As a teenager, this reviewer had a friend whose bedroom wall featured a poster of a small puppy struggling with a chunk of meat. ‘Don’t bite more than you can chew,’ the poster proclaimed. Those words came repeatedly to mind as I read Anand Ranganathan’s For Love and Honour. The novel has all the trappings of a 1980s masala flick – a love triangle, insurgency, a brooding army man ridden with guilt, family secrets, a loyal servant ready to go to any lengths to protect the master’s bloodline, and the beautiful backdrop of a tea estate. All of which is perfect, since the story is set in the 1980s, beginning in the year the Indian cricket team led by Kapil Dev won the World Cup. Unfortunately, much like an insipid remake of a yesteryear Amitabh Bachchan hit, the book fails to involve the reader.
One of the protagonists Captain Akhil Mehra leaves the Indian army after losing his right hand during a fierce combat with a group of MNF (Mizo National Front) members fighting for a free Mizoram. Though he owes his life to Major Rahul Schimer, a senior who protected him in combat, during his last days at the base, Mehra finds the Major oddly changed in his behaviour towards him. The year is 1983 and Mizoram is still a part of Assam.
The ex-serviceman then joins the Carlington tea estate in Haflong, where he finds himself being sucked into a tug-of-love-and-lust between the estate owner’s two daughters – Ipsita and Indrani. As Schimer fights his own demons, born of a childhood spent with some of the very people against whom his uniform places him, Captain Mehra must convince the sisters of his love for one and indifference to the other.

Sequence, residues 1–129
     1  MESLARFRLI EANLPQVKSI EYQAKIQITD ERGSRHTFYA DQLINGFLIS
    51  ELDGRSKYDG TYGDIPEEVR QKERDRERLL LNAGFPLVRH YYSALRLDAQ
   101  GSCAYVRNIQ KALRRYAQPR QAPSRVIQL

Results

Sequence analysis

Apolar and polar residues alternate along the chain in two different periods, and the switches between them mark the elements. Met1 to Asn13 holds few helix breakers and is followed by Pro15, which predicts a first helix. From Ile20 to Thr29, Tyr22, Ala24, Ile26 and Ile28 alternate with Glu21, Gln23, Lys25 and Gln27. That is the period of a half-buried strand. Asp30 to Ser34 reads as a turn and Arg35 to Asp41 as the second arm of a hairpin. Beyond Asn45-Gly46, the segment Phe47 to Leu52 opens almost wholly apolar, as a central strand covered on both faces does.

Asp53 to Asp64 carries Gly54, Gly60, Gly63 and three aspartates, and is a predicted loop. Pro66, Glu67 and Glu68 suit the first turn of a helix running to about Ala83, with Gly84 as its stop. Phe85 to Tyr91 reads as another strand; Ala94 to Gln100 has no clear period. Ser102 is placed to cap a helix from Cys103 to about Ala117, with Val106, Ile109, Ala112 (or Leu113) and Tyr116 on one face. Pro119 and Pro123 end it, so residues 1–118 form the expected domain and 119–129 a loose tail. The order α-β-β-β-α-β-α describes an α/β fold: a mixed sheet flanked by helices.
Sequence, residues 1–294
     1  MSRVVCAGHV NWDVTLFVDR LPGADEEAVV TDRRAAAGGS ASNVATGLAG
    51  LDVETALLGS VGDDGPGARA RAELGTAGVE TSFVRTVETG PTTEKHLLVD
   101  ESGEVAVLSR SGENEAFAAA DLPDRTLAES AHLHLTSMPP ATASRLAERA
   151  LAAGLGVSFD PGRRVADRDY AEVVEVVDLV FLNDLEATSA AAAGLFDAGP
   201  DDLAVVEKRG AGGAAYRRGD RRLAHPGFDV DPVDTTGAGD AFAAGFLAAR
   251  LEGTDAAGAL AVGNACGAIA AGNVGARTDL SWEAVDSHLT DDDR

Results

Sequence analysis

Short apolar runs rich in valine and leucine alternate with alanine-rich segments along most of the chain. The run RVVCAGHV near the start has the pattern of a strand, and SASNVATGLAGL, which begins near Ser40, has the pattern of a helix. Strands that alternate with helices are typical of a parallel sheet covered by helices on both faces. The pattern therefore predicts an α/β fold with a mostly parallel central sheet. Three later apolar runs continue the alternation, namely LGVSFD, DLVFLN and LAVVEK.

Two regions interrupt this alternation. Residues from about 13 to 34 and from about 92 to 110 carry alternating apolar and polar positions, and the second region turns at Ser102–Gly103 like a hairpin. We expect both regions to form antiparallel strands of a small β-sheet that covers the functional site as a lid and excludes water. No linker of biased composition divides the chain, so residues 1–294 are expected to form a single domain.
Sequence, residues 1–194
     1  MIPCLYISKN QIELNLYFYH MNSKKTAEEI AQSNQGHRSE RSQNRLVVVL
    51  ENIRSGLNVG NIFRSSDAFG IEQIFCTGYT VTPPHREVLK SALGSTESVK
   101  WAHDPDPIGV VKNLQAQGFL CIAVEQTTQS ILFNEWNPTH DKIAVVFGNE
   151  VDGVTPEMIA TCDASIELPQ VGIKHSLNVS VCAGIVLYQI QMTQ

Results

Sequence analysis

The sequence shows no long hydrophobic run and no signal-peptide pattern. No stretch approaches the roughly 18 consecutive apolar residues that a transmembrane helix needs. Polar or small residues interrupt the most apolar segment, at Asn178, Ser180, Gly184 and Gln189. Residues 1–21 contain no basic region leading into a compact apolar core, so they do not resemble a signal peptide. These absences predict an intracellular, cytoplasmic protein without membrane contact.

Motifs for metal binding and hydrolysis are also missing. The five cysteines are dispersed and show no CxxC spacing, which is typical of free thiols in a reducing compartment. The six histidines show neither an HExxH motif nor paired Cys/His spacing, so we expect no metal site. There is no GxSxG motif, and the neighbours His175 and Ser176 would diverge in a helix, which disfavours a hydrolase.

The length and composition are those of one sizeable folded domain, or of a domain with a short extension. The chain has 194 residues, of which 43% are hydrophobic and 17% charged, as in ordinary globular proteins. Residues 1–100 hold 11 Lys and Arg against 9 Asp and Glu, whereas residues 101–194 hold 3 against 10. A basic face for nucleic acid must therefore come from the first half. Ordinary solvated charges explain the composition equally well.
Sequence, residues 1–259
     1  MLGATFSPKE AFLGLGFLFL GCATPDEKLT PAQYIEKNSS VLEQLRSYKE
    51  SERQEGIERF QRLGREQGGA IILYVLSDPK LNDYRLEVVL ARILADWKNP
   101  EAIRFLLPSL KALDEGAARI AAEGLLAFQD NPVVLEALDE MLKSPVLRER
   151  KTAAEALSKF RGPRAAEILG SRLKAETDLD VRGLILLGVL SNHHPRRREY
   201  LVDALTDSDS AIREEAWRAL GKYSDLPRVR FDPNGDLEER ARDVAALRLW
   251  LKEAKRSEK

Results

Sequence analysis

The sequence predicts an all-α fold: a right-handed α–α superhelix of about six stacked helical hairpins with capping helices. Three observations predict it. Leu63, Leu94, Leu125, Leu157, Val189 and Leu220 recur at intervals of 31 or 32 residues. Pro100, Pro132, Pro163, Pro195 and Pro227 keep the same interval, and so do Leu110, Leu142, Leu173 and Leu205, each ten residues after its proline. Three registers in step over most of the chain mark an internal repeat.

Spanning a period of three years and ending in the days following the Mizo Accord of 1986 that granted statehood to Mizoram, For Love and Honour ambitiously tries to balance the personal and the political. The author sets his love story against the backdrop of insurgency and the state’s handling of the problem, as well as the suffering of common people caught between the two forces. At its core, though, For Love and Honour is a tale of conflicting passions. And this is where the author fails to deliver.
The characters show promise – each carries the burden of a loss, a scar either physical or psychological. But Ranganathan touches upon their emotions without exploring them enough to bring them alive.
Where he does make a mark, however, is in his presentation of a soldier’s internal battles. A part of the very society that their jobs often divide them from, a soldier’s loyalty to his profession is, at times, at the cost of personal ties. As Major Schimer recalls “during his year in the Counter Insurgency and Jungle Warfare School… some of his comrades from Mizoram would seethe whenever Aizawl air-bombing came up for discussion. They were as much Indian as he was, but it was he along with millions of others who had failed to comprehend the pain and suffering of their Northeastern brothers…”
In language, plot and execution, For Love and Honour offers more than many other contemporary works of quick-read Indian English fiction. However, it falls short of the expectations raised by the book blurb. Some tight editing might have helped towards achieving the promised “racy” narration.
For Love And Honour
Rs 350, PP353